An auditory processing disorder (APD) refers to difficulties with the processing of sound despite the ear being able to detect sounds at normal levels. Specifically, difficulties experienced with attending to, discriminating, recognising or understanding audible signals that cannot be attributed to either impaired hearing sensitivity or intellectual impairment.
The characteristics of APD
Those with APD will exhibit some, all or even none of the symptoms listed here:
• Difficulty understanding speech in the presence of background noise or competing speech.
• Seems to hear, but not understand what people say.
• Distractibility and hyperactivity.
• Inattentiveness and poor attention span.
• Difficulty understanding verbal directions, or getting them confused.
• Academic under-achievement and reading difficulties because of auditory-phonetic confusions.
• Difficulty determining the direction a sound is coming from.
There are other disorders with similar characteristics, therefore, if your child has some, or even all, of these characteristics it does not automatically mean he or she has an APD.
Auditory Processing refers to the way our ears communicate with our brain and what our brain does with what it ‘hears’. However, CAP is more complex than this and actually reflects a specific set of auditory system mechanisms and skills that are needed to interpret what your ear hears. These include the ability to:
• determine the location of a sound
• recognise auditory pattern
• understand in the presence of competing acoustic signals
• understand degraded acoustic signals
• discriminate the difference between sounds
• recognise temporal aspects of audition
Normal Auditory Processing also involves additional non-specific skills including;
• Attention: Attention-based skills relate to the attention given to speech and sounds in the environment. This is of particular importance when listening to instructions or screening out background noises.
• Auditory decoding: Auditory-decoding skills relate to the brains ability to recognise sounds and detect the differences between speech sounds.
• Associative: Association-based skills relate to the ability to associate incoming sounds with other information according to rules of language.
• Integration: Integration skills refer to the skills required to link multi-sensory information (e.g. reading/vision) and the rules of language to make sense of the information.
• Output-Organisation: Output-organisation skills relate to the skills involved in sequencing planning and organising responses, and recall of auditory information.
Causes of APD
There are a number of possible causes of APD, although the actual causes of APD are unknown. Some possible causes of APD include:
• Neurological deficits with the auditory system.
• Genetic traits.
• Early and frequent middle ear problems’ (such as otitis media or ‘glue ear’).
Identification of an APD
A complete APD evaluation should include an extensive history, a standard hearing test to exclude peripheral loss, and it should aim to cover the important areas of CAP. So that the tests can be interpreted accurately, it is important the child being tested is able to understand language and communicate with others, have normal to near-normal intelligence and be at least 7 years old.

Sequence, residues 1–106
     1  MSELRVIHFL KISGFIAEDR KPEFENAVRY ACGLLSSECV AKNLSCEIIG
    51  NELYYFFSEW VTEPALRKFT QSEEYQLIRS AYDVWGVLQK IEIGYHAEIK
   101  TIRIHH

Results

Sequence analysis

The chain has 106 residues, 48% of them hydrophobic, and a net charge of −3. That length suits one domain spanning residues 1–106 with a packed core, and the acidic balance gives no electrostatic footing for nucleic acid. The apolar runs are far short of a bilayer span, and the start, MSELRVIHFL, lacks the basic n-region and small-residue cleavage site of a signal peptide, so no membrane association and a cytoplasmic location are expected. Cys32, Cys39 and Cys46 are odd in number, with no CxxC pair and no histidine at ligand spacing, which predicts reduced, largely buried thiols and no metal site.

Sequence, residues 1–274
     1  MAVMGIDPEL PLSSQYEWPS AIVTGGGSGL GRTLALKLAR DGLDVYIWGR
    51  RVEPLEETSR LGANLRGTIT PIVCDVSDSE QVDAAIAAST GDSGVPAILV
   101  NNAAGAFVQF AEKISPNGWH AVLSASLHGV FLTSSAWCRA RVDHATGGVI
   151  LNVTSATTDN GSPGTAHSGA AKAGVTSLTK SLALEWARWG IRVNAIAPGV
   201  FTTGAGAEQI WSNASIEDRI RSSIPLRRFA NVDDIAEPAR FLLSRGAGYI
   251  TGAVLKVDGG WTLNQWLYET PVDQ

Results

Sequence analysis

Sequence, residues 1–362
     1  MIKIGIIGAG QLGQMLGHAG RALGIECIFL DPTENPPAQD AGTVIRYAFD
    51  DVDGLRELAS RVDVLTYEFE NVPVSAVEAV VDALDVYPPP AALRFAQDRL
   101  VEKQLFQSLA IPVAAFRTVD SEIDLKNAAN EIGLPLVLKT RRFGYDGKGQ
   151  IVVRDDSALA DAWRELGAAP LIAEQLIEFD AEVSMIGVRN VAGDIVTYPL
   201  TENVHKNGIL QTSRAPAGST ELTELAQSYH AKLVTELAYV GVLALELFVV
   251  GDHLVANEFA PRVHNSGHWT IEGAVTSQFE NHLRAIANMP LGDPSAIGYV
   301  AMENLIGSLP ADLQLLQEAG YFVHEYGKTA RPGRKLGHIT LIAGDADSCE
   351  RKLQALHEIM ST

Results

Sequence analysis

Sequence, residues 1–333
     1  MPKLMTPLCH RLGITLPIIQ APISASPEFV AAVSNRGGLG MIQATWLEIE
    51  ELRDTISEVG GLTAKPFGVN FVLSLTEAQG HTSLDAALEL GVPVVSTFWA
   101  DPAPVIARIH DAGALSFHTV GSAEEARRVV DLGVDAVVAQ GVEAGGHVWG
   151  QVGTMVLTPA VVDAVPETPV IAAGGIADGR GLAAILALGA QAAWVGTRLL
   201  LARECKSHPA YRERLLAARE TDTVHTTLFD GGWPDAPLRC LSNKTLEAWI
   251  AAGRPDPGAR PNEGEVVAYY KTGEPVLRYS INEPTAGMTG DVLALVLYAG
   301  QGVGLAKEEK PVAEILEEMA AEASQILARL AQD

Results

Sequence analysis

Management of an APD
Management of children with APD usually involves a team of professionals (e.g. speech-language pathologists, psychologists, learning disabilities specialists, audiologists, neurologists, and physicians), Management focuses largely on the use of various strategies to maximise existing listening skills, encourage the development of new skills, and can be divided into three main categories;
• Environmental Modifications
Adapting the listening environment to minimise noise levels and make speech louder than the background noise can improve the child’s ability to process auditory information. Modifications can include strategies such as preferential seating, classroom amplification etc.
• Direct Intervention
Involves utilising techniques to improve auditory discrimination, auditory integration skills and auditory association skills. Examples of direct intervention include training your child to hear differences in sounds or words, teaching the child to pick out sounds or words when there is background noise, or teaching your child to use rhythm and temporal cues in speech.
• Compensatory Strategies
Involves utilising techniques to compensate for the auditory deficit, and for coping in daily life.
Possible compensatory strategies may include;
• Developing listening skills by teaching the child to listen for meaning rather than exact repetition, wait until instructions are complete before beginning a task, use chunking of information, rehearsal and paraphrasing.
• Check for comprehension of instructions by gaining the child’s attention, rephrasing or restating important information, asking the child to repeat instructions and giving the child adequate response time.
• The use of external aids such as notebooks, calendars, mnemonics, tape decks.
• The use of a ‘buddy system’ to allow your child to check they have understood.